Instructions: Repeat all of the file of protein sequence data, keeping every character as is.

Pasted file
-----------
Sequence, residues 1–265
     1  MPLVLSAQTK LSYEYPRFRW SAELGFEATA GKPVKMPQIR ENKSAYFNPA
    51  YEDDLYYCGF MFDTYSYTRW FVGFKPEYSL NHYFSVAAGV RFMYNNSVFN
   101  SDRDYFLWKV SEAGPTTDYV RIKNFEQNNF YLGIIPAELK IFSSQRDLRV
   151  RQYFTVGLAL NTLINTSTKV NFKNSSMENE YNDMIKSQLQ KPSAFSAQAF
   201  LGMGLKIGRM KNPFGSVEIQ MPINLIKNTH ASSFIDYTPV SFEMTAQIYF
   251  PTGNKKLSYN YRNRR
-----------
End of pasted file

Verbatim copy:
Sequence, residues 1–265
     1  MPLVLSAQTK LSYEYPRFRW SAELGFEATA GKPVKMPQIR ENKSAYFNPA
    51  YEDDLYYCGF MFDTYSYTRW FVGFKPEYSL NHYFSVAAGV RFMYNNSVFN
   101  SDRDYFLWKV SEAGPTTDYV RIKNFEQNNF YLGIIPAELK IFSSQRDLRV
   151  RQYFTVGLAL NTLINTSTKV NFKNSSMENE YNDMIKSQLQ KPSAFSAQAF
   201  LGMGLKIGRM KNPFGSVEIQ MPINLIKNTH ASSFIDYTPV SFEMTAQIYF
   251  PTGNKKLSYN YRNRR